I’m sometimes asked why I write. Most artists ask themselves the same question, from time to time, about what they do. Really, why do we bother? It’s a pretty lonely and thankless job without many financial rewards. Obviously, there must be a higher purpose. You may have heard versions of these very insightful responses to the “why” question:
“To bring order out of chaos.”
“To try to make sense of the world I live in.”
“I’m striving for truth and beauty.”
“Because I have an urge to get my ideas out.”
“It fulfills me.”
“To communicate and share with a larger audience.”
“To make the world a better place. It’s an act of love.”
Any of these are fitting responses for why I write, whether it be fiction, non-fiction, poetry or drama. Most significantly, all of these responses express aspects of our creative nature as it reflects the image of God. And they offer insight into the heart of the Creator himself. For instance, according to the creation account in Genesis, when the world was without form, the Spirit worked to bring order out of chaos. One can also hear, as God looked upon all he had made, a sense of fulfillment in the statement, “It was very good.” Also, the writers of scripture, as they wrote, were making sense (God’s sense) out of the world they lived in. And undoubtedly, as with most artists, God’s interest was in not only his own enjoyment but the enjoyment of his audience, humankind and creation itself. Indeed, it was an act of love.
At its heart, every creative act is a reflection of the nature of God. Granted, not everyone shares this perspective, but I would argue this reality is inferred nonetheless.
I love Eric Liddell’s perspective when asked why he ran. He said, “When I run, I feel God’s pleasure.” His perspective brings our creative acts full circle back to their origin. Our creative activity, as a reflection of our Creator, is a form of praise, a response of celebration and delight in the way we are made and in the One who made us.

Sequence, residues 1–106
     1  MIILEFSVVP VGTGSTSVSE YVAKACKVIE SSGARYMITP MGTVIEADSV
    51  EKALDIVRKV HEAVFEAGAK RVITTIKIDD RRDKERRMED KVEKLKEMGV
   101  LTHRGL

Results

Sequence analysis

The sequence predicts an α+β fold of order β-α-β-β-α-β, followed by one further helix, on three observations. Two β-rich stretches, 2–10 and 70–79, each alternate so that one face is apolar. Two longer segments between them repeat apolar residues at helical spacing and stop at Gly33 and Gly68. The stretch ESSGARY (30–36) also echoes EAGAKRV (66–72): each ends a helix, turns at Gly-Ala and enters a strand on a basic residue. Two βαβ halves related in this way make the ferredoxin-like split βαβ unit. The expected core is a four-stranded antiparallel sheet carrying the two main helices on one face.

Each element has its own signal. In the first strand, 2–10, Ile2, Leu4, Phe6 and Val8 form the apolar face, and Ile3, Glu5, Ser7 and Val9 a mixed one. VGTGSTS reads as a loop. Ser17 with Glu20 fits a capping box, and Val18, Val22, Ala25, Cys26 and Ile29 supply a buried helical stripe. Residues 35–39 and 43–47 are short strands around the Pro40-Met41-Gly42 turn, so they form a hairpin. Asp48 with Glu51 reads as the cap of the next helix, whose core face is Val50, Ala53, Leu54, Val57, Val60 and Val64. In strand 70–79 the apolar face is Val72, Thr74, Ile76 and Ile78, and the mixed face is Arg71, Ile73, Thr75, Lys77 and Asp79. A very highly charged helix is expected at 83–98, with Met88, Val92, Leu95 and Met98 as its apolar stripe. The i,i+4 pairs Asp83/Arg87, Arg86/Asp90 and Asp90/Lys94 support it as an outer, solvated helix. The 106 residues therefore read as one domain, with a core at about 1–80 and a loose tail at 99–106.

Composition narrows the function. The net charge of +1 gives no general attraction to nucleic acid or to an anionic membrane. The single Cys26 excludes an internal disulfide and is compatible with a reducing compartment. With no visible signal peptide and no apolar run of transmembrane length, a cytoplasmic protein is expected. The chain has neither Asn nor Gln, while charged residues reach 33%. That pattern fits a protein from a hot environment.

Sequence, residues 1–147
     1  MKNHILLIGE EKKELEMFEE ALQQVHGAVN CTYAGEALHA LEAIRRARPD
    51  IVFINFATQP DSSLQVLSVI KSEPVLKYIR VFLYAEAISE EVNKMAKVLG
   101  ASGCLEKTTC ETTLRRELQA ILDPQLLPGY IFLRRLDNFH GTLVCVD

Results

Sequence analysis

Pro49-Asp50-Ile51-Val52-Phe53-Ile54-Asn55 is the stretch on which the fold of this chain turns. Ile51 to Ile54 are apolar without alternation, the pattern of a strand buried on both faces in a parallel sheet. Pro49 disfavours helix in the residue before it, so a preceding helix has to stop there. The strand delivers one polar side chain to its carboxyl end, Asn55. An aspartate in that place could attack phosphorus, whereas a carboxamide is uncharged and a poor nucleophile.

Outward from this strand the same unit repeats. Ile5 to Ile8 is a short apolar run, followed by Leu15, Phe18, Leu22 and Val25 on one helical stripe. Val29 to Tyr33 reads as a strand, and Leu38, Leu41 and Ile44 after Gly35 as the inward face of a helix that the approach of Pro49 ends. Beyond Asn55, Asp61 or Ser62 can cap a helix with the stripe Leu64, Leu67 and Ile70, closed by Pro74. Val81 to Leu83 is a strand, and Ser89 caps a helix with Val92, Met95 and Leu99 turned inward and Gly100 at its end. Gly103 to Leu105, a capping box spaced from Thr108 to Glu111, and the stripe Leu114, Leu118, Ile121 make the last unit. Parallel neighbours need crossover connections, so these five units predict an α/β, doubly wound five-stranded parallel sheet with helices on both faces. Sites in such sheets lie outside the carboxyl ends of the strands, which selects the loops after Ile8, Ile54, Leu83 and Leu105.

But an artist knows that the creative process is also hard work, and sometimes it feels more like a headache than headway. It’s not without its sweat and tears – from the original chaos of ideas to the final form. It’s a messy business, and every artist comes away from their best work with their hands dirty.
The same is true of God’s creative activity. In one of the most striking images in Scripture, when God creates man, we see God stooping down to form him out of the dirt, and when he is finished, he breaths into man’s nostrils the breath of life. Throughout the scriptures, God repeats this process over and over in various ways as he struggles to redeem his creation, which has become marred: gathering a people, setting boundaries, and letting go.
As a writer, I feel this cycle of creation and recreation every time I gather ideas; set down characters, situations and scenarios; revise and prune; revise and prune, shaping everything with just the right words. God’s activity is also put down in words and is ultimately expressed in his final word, his son.
As I sit in a very popular park in my hometown of Vancouver, BC, I’m struck by the care the team of gardeners put into the flower beds, trees, shrubs, and stonework, in season and out. My two girls (4 and 2) blonde, fair-skinned beauties, are wading in the pool below the fountain. Passing by are the hordes of tourists who regularly visit our town from overseas. About a dozen of them pause, lining up along the edge of the fountain, to capture the scene of my girls’ playing in photos and videos. My first instinct is to tell them off. How can they be so callous and disrespectful treating my girls like some exotic local wildlife? But then I realize that, in their own clumsy and imperfect ways, they also are seeking truth and beauty. They are following the human urge to live out the image of God, as unwitting as that may be.
When we engage in any creative act in any kind of work or play, for better or worse, we are doing what we were meant to do: emulate our Creator. This is our work and our worship.